Mohammed bin Salman: Not reinterpreting Islam, but restoring it to its origins

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Mohammed bin Salman, in his interview to the New York Times, raised explained his position on several issues that have regional and global ramifications.

One of the more fundamental subject he tackled was that of the interpretation of Islam, which has been a matter of debate in recent times.

The article suggests that Mohammed bin Salman is on a mission to bring Saudi Islam back to the center. According to the article, he has not only curbed the authority of the once feared Saudi religious police, he has also taken the hard-liners on ideologically unlike any Saudi leader before him.

READ ALSO: 1979, the year that changed arts and culture in Saudi Arabia

Friedman quotes a 28-year-old US-educated Saudi woman who says that Mohammed bin Salman “uses a different language. He says, ‘We are going to destroy extremism.’ He’s not sugar-coating. That is reassuring to me that the change is real.”

To Friedman himself, Mohammed bin Salman said: “Do not write that we are ‘reinterpreting’ Islam — we are ‘restoring’ Islam to its origins — and our biggest tools are the Prophet’s practices and [daily life in] Saudi Arabia before 1979.”

He said that at the time of the Prophet Muhammad, there were musical theaters, there was mixing between men and women, there was respect for Christians and Jews in Arabia.

“The first commercial judge in Medina was a woman!” So if the Prophet embraced all of this, Mohammed bin Salman asked, “Do you mean the Prophet was not a Muslim?”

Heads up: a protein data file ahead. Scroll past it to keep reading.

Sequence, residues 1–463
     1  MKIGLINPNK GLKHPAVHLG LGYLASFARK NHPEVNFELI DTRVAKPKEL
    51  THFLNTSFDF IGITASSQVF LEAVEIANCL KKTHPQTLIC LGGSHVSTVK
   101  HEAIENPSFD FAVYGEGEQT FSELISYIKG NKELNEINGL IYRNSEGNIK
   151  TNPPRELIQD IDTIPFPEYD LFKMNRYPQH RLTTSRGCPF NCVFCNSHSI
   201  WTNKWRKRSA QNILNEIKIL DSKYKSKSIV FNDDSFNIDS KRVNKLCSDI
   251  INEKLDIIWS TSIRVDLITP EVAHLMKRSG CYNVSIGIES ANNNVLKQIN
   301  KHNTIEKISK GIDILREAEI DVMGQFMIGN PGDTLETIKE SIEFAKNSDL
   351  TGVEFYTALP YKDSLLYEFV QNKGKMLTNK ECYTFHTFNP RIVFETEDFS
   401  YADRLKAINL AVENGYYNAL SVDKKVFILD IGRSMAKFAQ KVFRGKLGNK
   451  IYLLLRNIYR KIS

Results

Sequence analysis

OPINION: Saudi Arabia, before 1979 and after 2017

Friedman writes that one of his ministers got out his cellphone and shared with him pictures and YouTube videos of Saudi Arabia in the 1950s when it was still a traditional and modest place, but not one where fun had been outlawed, which is what happened after 1979.

“If this virus of an antipluralistic, misogynistic Islam that came out of Saudi Arabia in 1979 can be reversed by Saudi Arabia, it would drive moderation across the Muslim world and surely be welcomed here where 65 percent of the population is under 30,” the article reads.

One middle-age Saudi banker told Friedman: “My generation was held hostage by 1979. I know now that my kids will not be hostages.”

Another 28-year-old Saudi woman social entrepreneur said 10 years ago when they talked about music in Riyadh it meant buying a CD. “Now it is about the concert next month and what ticket are you buying and which of your friends will go with you.”

According to him, this reform push is giving the youth a new pride in their country, almost a new identity, which many of them clearly relish.

Now they have a young leader who is driving religious and economic reform, who talks the language of high tech, and whose biggest sin may be that he wants to go too fast.

Most ministers are now in their 40s — and not 60s. And with the suffocating hand of a puritanical Islam being lifted, it’s giving them a chance to think afresh about their country and their identity as Saudis, says the article.

BBC, Juhayman and the Grand Mosque

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